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Risk survey highlights Trans-Tasman differences


Trans-Tasman differences highlighted in risk management survey

Key differences in the ways New Zealand and Australia manage currency risk have been identified in a recently completed survey*.

Bank of New Zealand and its owner, National Australia Bank conducted the comprehensive survey into how superannuation funds manage risk.

Foreign Exchange Manager for Bank of New Zealand, Greg Ball says the most notable difference is that New Zealand funds limit the pain of an appreciating currency by lifting their hedge benchmarks.

“This is quite unlike in Australia, where superannuation funds both increased and decreased their international equity hedge benchmarks.”

This was particularly the case with the appreciation of the New Zealand dollar from an all time low of US$0.3902 in November 2000 to a multi year high of US$0.7467 in March 2005. During this period, equity hedge benchmarks in New Zealand increased to an average of 40 percent.

The survey also found that Investment Committee was the most influential group in setting the currency benchmark in Australia and New Zealand, says Ball.

“Interestingly, Australia is now following the New Zealand model in this regard. When this survey was completed in 2002, Australian consultants dominated the currency benchmark decision-making.

“Also, in Australia, nearly 80 percent of superannuation funds use active or passive currency overlay programmes that are overseen by specialist managers. In New Zealand, by contrast, only 21 percent of superannuation funds use external managers, and only 11 percent use external managers for active currency overlay programmes.”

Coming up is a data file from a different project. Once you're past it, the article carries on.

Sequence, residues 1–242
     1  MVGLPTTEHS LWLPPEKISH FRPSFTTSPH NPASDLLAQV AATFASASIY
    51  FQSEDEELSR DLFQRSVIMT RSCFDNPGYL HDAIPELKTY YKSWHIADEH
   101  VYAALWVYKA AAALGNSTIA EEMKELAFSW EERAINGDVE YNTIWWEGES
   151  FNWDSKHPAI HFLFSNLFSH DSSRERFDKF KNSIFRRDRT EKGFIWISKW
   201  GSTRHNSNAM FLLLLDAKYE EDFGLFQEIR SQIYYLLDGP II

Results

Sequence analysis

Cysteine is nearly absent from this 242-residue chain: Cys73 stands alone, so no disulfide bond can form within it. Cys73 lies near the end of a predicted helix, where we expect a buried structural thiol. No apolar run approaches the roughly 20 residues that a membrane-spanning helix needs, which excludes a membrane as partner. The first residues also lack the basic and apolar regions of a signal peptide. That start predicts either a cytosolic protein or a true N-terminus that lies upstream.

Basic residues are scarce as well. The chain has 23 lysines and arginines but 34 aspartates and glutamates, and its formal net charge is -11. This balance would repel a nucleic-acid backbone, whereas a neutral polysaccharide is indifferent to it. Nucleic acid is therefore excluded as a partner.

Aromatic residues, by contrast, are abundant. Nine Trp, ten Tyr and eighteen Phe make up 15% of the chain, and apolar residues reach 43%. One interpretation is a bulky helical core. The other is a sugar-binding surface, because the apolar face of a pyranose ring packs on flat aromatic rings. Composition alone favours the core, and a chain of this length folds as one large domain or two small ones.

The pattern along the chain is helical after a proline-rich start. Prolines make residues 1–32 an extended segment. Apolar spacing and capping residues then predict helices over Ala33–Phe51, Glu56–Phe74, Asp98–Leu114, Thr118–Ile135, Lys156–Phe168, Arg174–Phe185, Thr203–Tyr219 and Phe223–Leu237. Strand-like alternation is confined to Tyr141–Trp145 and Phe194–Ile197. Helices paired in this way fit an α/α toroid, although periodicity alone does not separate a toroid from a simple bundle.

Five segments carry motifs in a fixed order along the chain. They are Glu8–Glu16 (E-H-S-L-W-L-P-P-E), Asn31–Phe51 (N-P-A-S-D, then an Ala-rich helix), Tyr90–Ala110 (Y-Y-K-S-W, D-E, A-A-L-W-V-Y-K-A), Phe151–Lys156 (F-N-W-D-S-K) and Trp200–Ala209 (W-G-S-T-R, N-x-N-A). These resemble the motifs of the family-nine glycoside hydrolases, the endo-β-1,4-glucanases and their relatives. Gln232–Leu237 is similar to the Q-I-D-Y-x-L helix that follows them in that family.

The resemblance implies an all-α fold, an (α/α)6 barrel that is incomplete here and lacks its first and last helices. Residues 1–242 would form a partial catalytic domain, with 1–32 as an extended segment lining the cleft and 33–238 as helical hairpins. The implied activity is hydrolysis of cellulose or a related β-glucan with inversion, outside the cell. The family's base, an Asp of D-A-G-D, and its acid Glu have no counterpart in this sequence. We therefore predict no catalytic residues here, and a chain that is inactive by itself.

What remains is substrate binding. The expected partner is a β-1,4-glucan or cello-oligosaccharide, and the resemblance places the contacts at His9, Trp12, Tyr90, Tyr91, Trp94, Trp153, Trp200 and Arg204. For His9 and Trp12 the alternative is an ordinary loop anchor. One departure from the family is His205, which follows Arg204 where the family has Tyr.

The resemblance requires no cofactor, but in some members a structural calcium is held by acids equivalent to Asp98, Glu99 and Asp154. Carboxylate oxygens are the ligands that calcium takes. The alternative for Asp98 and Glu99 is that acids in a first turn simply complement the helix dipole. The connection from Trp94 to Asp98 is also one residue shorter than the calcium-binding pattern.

Other finds include the fact that the default 50 percent hedge benchmark for international equities - (funds that will benefit half the time from any movement in the currency) – is the most popular in New Zealand.

“In Australia, on the other hand, there is no consensus amongst superannuation funds as to the optimal hedge benchmark. The survey highlighted a wide variety of hedge benchmarks in Australia.”

The table above shows that funds in New Zealand still have a wide variety of hedge benchmarks for their international equities. However, over time and with the increasing value of the New Zealand dollar they have elected to hedge more, moving steadily up from 19 percent in 2000 to 37 percent in 2002 and 42 percent in 2005.

*survey was of 19 large funds from a variety of sectors, including superannuation funds, government funds and retail and wholesale asset managers.

ENDS


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